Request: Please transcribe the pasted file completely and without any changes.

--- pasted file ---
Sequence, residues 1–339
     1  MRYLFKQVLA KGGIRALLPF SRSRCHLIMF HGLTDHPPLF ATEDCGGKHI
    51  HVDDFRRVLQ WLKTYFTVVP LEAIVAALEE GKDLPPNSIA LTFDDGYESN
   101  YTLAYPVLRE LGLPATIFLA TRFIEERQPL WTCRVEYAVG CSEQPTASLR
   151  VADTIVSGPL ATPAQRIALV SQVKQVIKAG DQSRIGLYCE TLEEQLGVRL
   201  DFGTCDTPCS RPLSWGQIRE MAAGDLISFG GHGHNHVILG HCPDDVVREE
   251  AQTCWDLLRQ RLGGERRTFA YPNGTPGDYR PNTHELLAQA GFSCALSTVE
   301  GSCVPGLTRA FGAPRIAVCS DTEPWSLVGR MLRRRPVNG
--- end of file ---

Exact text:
Sequence, residues 1–339
     1  MRYLFKQVLA KGGIRALLPF SRSRCHLIMF HGLTDHPPLF ATEDCGGKHI
    51  HVDDFRRVLQ WLKTYFTVVP LEAIVAALEE GKDLPPNSIA LTFDDGYESN
   101  YTLAYPVLRE LGLPATIFLA TRFIEERQPL WTCRVEYAVG CSEQPTASLR
   151  VADTIVSGPL ATPAQRIALV SQVKQVIKAG DQSRIGLYCE TLEEQLGVRL
   201  DFGTCDTPCS RPLSWGQIRE MAAGDLISFG GHGHNHVILG HCPDDVVREE
   251  AQTCWDLLRQ RLGGERRTFA YPNGTPGDYR PNTHELLAQA GFSCALSTVE
   301  GSCVPGLTRA FGAPRIAVCS DTEPWSLVGR MLRRRPVNG